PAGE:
I think in addition to the storm welting and double sole, a 360 (compared to 270) degree stitching also makes a difference. I recently ordered the LS Cigar Wingtip which is on a plaza, 270 degree welt stitching, and (I think) single leather. The combination is akin to a dress shoe construction exept that it is a boot. Good combination for suits.
Funny I have been having buyer's remorse from these boots (even if I have yet to receive them) because I am afraid the color/look will be too similar to my C&J Islay...
I have a #8 boot that is a plaintoe x single welt x 270 and they pretty much look like dress shoes so they work well when I wear suits. They are also pretty sleek (even on a Modified last).
one more time from the top. J. Gilbert "Plaza"
and Leathersoul Plaza
Both are size 12D
1) It's definitely not barrie or truebalance. It may be either a grant last or a Plaza in E
2) The boot looks good IMO (though I think I have a bit different taste than yours in Aldens). My grant lasted cigar boots in 10E are probably my second favorite Aldens (after the ravello tassels). That said, just get in touch with J Gilbert and send them back if you don't want them
Those J. Gilbert boots are definitely Plaza - in my experience, the soft square toe often appears more dramatic in photos (especially from the side) than it does in person, looking straight down at them.
Yesterday I was in the Alden DC store and picked up a new shoe care product to try, called Alden Leather Defender. It's made for shell cordovan and calfskin. One of the supposed benefits is that it can help reduce or prevent the dreaded water spotting on shell.
I tried it out last night on a pair of whiskey shell chukkas that were in need of some attention anyway. I was pretty happy with the results. The creases in the chukkas were dry and rough and somewhat dirty, and the treatment did clean them up a lot and make them smoother. Overall, the treatment added a nice shine to the shoes that was very slippery and glossy, but by this morning they were a bit less so but still noticeable. And the leather did feel a bit more supple. With little effort they looked like I'd spent an hour giving them the Mac Treatment. I can't say for sure that there was any darkening since these were rather darkened already a bit from age, but I don't think so.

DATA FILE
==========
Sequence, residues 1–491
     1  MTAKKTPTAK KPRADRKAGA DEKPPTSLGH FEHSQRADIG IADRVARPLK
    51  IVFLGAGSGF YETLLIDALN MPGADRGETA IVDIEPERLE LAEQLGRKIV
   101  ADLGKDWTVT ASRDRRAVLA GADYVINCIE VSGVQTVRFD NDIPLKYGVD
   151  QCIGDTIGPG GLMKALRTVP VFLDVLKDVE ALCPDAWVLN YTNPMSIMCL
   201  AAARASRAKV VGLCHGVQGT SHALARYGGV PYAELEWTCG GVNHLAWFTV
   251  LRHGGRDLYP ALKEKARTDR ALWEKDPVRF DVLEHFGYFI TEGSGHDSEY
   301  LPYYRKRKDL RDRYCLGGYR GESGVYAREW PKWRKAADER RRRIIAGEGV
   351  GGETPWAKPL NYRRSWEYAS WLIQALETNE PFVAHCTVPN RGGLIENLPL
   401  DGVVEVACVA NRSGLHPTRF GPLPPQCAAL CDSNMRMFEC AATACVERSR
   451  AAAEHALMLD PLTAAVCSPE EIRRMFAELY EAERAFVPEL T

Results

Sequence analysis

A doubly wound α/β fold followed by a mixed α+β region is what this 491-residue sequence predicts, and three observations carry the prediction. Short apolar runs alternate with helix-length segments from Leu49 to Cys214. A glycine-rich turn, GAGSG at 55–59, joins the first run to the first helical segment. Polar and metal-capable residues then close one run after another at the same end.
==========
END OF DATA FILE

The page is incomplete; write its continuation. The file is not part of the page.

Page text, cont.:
Since I really don't know much at all about this product and could not find anything from web and forum searching, I sent an e-mail to Horween to see if they have any thoughts on it. I haven't used any of the other common shell products, like Venetian, so I have no comparison to offer.
The 4 oz bottle is a misting sprayer. Here's what it says on the bottle:
"Use Alden Leather Defender to clean and protect calfskin and genuine shell cordovan Alden shoes. Not for use on Suede or Nubuck.
"Directions: Apply Alden Leather Defender to a soft cloth and wipe shoes thoroughly. Let dry. Turn cloth and buff gently. For best results allow leather to dry completely before wearing shoes.
"Safety: Alden Leather Defender is water-based and environmentally benign. Do not take internally. If accidentally ingested, please call physician immediately.
"Made in USA."
Sorry if this sounds like a shill, but I just wanted to pass this along to anyone who might be interested. Besides, this whole thread is like a shill anyway
Oh, and there's a new staff member at Alden DC. She seems to know shoes pretty well and was fun to talk with.